Maybe I should change my name to “iRubright”.

I bet if “iRubright” were the name of an app, it would not be approved for sounding too much like some sort of sex app. That, or Apple might sue me for some patent they filed a million years ago for an upcoming self-pleasuring model of telephone.

This post is a little techno heavy. Not techno as in the *Uhn Tis Uhn Tis Uhn Tis* kind. Techno as in the technology kind. But don’t let that scare you. You should read it.

Anyway.

I was trying to figure out just how this whole iPad thing could fit into my life. Not because I need one. Yet. But because I’m curious as to why any person would *actually* need one, short of being an Apple Fan Boy.

But I had an epiphany of sorts concerning this. Not about what the iPad means now, but what it’s future could be.

I realized the potential of the iPad and other tablet/handheld/slate/PADD-style devices to myself, thanks to something that occurred while re-watching a ST:TNG episode called “The Price”.

Counselor Troi entered her quarters and the following happened:

Troi: Computer, dispatches…

COMPUTER: A research inquiry from the Manitoba Journal of Interplanetary Psychology and three communiques from your mother…

Troi: Transfer my mother’s letters to my viewer…

… and computer, I’d like a… a real chocolate sundae.

That’s when it hit me, just like an elderly driver crashing into a crowd of people. There is a tool that I am missing: I need a tool that has the ability to interact seamlessly with other technology objects I have around me. I need an “appliance” that has the ability to pull or push stuff from one device to another and move about and do what I need.

Simply. Efficiently. Effectively. And humanly.

Think of the rigmarole you have to go through, even now, to move stuffs from one technology object to another. And that’s even if you have the same OS on said devices in question! Just throw different OSes in the mix and it gets even worse.

I know the “cloud” is making it easier to do some of this transferability, but not everything I do is cloud-centric. Sure, things like documents and spreadsheets I can work on and store in the cloud, and even work on them through web-based interfaces without having software pre-installed on my device. But say I want to work “offline”? While I see working offline becoming less and less an option as everything moves towards a wireless/cellular infrastructure (and I’m personally okay with that), not everyone is. Some people want their bits in their possession at all times. And sometimes you’re trapped in a Faraday cage.

Example. I’m working on a tattoo rendering on my computer at the studio. I get tired of sitting in front of my computer and just want to transfer it to my PADD so I can go doodle on it. Somewhere else. Like at home. Or outside if it’s a nice day? I don’t want to have to save the file, move it to a storage location from the computer, pull the file over to the PADD from the storage location, etc., ad nauseam. I would like to just be able to slide whatever it is I’m working on over to the PADD to continue working.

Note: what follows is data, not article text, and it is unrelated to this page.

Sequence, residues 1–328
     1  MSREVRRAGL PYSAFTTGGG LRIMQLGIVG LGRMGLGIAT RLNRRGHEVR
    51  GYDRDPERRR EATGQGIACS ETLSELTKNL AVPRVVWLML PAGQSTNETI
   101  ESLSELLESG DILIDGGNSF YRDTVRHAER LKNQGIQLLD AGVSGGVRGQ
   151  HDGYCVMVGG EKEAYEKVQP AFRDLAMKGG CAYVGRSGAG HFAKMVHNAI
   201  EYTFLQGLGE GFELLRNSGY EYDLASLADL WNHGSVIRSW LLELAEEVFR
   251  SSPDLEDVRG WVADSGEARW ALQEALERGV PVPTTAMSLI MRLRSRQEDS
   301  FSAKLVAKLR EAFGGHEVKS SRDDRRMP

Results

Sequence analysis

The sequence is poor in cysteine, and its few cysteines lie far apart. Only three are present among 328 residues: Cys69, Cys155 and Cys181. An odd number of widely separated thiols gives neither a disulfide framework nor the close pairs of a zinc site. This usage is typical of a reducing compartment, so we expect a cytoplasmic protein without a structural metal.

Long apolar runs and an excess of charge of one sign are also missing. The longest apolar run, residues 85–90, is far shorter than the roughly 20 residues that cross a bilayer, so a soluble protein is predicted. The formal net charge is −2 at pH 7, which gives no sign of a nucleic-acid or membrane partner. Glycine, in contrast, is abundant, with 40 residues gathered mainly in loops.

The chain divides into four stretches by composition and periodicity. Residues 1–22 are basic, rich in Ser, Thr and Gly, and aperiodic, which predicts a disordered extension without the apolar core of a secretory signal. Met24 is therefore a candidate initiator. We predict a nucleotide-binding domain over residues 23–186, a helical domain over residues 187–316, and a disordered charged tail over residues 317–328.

Technology should be that simple.

I spent a decade-and-a-half in a technology field where I would routinely see end-users who didn’t know how to complete what should have been a simple task (either from lack of training, or… PEBCAK). Technology shouldn’t be like that. Technology should “just work”. As humans do, and as humans think.

And yet technology still doesn’t. Still. After all these decades. Not even with Apple. Or Microsoft. Or anyone else here on Earth.

Why is this? I understand we’ve come a long way from the command-line of old (which I still use frequently), but we still have a long way to go before technology becomes “invisible” to the end-user. Where we don’t have to think about “how” to do something, we just do it.

When the iPad, or *any* device that comes to market, can do that, I’ll be first in line for it.

Oh, and the ability to order a sundae would just be an added bonus.

Until next time...
Erik

5 thoughts on “Maybe I should change my name to “iRubright”.

  1. The ST PADD is a couple hundred years off. I hope we don’t have to wait that long. And funny, I forgot you were a tech-head, what with you settling so nicely into your self-employed bliss…

    1. I hope it’s not that far off. We seem to have made leaps in the 30+ years that “cool” consumer electronics have been around. Hopefully that curve will continue to sharpen and we’ll get the stuff we want soon. Unless of course that curve is like a warp-curve and we can just never hit “10”.

      And I tend to forget that I’m a tech-head too at times, but rarely. I think once you think in zeroes and ones and peripherals, you always do.

  2. I wholeheartedly agree. While on the subject of technology we wish to see, I’m still pushing for “Camera Eyes” – some sort of visual recording device that would record images I see for sharing with others later. For example, the guy in line at KFC today talking with the full-on headset attached to his phone – a headset, mind you, that was larger than anything the people working the drive-through were sporting. Unfortunately, the phone’s camera can only do so much and you can’t get a close up without being obvious. Plus, I think this would be a valuable tool for recording everything I see and wish I could easily share with others. That, and Jetson cars. Still waiting for Jetson cars.

    1. Funny you mention that camera eyes thing. One of my former co-workers and I always wanted a device like that, and even came up with a few ideas for implementation. Maybe we need to get back to work on that….

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